By Patrick Soko
Government has acknowledged that there are some challenges that the country will need to overcome in order to see the real benefits of the Africa Continental Free Trade Area.
The Country is expected to ratify the African Continental Free Trade Agreement before the end of this year to become part of the 22 African Countries that will commence trading under the agreement on 30th May 2019.
The minister of Commerce Trade and Industry says the issue of Non-tariff barriers is among challenges adding that experience has shown that from integration in the region that as the countries liberalize their tariffs, non-tariffs barriers become a new challenge.
Christopher Yaluma says the Country will, therefore, need to develop an effective National Committee for the non-tariff barrier in order to deal with the issue.
He said this during the National Consultative Forum on the African continental free trade area under the theme “opportunities and challenges for Zambia”.
In the meantime, United Nations Economic Commission for Africa Southern Africa office Director said Adejumobi says the development of the Africa continental free trade area strategy is crucial.
He says the strategy will help complement and support the implementation of the 7TH National Development Plan.
Zambia already signed the A-F-C-T-A in February this year and has to ratify before joining the trade under the agreement that takes effect at the end of this month.
Objectives of the CFTA
• Create a single continental market for goods and services, with free movement of business persons and investments, and thus pave the way for accelerating the establishment of the Continental Customs Union and the African customs union.
• Expand intra African trade through better harmonization and coordination of trade liberalization and facilitation regimes and instruments across RECs and across Africa in general.
• Resolve the challenges of multiple and overlapping memberships and expedite the regional and continental integration processes.
• Enhance competitiveness at the industry and enterprise level through exploiting opportunities for scale production, continental market access and better reallocation of resources.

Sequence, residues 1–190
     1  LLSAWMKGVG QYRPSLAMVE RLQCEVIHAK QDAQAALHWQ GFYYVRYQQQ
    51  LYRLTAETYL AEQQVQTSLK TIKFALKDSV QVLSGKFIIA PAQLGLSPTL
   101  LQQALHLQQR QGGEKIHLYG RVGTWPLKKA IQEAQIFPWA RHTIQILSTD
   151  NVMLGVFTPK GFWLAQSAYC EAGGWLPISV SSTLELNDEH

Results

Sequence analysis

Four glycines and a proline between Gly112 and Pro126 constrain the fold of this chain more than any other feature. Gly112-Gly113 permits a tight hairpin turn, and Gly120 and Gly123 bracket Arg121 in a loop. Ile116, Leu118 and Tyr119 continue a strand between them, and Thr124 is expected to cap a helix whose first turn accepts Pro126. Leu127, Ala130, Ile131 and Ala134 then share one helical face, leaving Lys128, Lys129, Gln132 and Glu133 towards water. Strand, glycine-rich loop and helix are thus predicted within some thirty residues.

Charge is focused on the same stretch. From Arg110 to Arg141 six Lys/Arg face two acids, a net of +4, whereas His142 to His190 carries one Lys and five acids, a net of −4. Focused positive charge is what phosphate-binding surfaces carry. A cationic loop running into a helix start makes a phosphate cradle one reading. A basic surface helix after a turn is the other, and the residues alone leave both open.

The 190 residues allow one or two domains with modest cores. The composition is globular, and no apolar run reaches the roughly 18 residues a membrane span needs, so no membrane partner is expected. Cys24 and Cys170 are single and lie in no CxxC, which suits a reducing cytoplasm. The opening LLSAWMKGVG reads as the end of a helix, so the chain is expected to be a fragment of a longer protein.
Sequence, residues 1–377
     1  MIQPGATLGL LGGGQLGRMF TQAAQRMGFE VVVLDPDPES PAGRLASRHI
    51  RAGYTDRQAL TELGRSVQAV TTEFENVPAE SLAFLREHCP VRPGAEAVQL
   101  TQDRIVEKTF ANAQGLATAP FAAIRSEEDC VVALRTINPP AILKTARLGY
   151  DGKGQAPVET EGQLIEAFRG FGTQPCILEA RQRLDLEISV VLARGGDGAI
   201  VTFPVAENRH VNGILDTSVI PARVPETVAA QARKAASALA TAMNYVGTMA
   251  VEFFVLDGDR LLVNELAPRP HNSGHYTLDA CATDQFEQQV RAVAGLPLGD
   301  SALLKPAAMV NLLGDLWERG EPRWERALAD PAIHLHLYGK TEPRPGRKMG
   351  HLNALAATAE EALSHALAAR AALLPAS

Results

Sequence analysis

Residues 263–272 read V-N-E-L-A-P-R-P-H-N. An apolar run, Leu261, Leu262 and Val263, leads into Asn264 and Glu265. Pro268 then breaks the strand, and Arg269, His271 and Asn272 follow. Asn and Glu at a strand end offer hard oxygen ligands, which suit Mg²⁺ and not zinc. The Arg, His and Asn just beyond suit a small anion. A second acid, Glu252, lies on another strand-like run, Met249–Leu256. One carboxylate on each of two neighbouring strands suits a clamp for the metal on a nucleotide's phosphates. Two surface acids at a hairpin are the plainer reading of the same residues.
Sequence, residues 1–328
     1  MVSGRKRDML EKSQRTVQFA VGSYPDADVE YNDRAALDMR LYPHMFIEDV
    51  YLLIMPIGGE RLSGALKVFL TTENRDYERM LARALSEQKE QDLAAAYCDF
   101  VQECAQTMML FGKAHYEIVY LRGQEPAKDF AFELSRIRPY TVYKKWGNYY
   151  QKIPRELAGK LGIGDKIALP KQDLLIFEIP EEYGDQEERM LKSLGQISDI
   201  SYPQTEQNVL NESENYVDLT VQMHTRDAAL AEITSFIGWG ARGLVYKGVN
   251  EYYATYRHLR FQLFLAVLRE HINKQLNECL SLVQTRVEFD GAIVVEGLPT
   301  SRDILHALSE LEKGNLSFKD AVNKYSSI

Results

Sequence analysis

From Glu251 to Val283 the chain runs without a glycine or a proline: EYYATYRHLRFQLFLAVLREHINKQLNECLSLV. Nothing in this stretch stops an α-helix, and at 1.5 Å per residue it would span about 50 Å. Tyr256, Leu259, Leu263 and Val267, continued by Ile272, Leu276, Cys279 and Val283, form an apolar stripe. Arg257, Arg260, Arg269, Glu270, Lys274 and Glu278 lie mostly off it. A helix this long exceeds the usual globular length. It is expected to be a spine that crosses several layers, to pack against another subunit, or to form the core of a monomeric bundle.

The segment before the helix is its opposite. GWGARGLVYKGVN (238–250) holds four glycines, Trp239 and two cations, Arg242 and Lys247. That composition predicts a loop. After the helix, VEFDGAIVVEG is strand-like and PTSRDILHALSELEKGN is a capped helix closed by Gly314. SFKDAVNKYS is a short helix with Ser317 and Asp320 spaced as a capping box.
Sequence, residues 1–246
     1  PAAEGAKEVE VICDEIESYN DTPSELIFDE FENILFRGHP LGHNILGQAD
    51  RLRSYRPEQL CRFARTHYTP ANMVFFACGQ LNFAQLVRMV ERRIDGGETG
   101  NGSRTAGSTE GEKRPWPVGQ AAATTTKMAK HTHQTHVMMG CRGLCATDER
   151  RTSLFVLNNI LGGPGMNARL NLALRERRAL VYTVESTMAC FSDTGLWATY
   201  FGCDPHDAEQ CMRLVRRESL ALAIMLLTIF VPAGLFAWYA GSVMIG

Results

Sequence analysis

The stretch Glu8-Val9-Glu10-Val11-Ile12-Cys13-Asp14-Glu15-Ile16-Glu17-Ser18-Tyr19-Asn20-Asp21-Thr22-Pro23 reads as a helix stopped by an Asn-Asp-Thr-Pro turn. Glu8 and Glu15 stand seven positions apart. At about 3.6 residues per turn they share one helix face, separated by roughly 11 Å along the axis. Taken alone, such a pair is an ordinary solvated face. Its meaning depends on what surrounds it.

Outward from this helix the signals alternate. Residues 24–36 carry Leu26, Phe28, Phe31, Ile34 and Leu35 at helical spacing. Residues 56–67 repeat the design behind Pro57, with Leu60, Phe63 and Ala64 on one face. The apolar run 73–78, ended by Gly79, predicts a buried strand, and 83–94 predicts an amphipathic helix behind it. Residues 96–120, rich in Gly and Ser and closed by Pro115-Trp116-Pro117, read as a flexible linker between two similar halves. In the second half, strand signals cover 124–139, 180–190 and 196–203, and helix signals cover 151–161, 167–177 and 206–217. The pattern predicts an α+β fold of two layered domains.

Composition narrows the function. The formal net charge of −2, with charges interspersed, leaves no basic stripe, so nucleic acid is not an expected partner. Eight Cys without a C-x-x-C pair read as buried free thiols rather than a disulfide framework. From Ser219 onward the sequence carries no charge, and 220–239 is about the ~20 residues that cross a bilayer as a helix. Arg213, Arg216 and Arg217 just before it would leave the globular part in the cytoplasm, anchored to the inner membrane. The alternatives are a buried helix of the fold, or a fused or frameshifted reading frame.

The 18th Ordinary Session of the Assembly of Heads of State and Government of the African Union, held in Addis Ababa, Ethiopia in January 2012, adopted a decision to establish a Continental Free Trade Area (CFTA) by an indicative date of 2017. The Summit also endorsed the Action Plan on Boosting Intra-Africa Trade (BIAT) which identifies seven clusters: trade policy, trade facilitation, productive capacity, trade-related infrastructure, trade finance, trade information, and factor market integration. The CFTA will bring together fifty-four African countries with a combined population of more than one billion people and a combined gross domestic product of more than US $3.4 trillion.
Negotiations for the CFTA are expected to in June 2015 and the CFTA should be launched by an indicative date of 2017. The main objectives of the CFTA are to create a single continental market for goods and services, with free movement of business persons and investments, and thus pave the way for accelerating the establishment of the Customs Union. It will also expand intra-African trade through better harmonization and coordination of trade liberalization and facilitation and instruments across the RECs and across Africa in general. The CFTA is also expected to enhance competitiveness at the industry and enterprise level through exploitation of opportunities for scale production, continental market access and better reallocation of resources. The establishment of the CFTA and the implementation of the Action Plan on Boosting Intra-African Trade (BIAT) provide a comprehensive framework to pursue a developmental regionalism strategy. The former is conceived as a time-bound project, whereas BIAT is continuous with concrete targets to double intra-African trade flows from January 2012 and January 2022.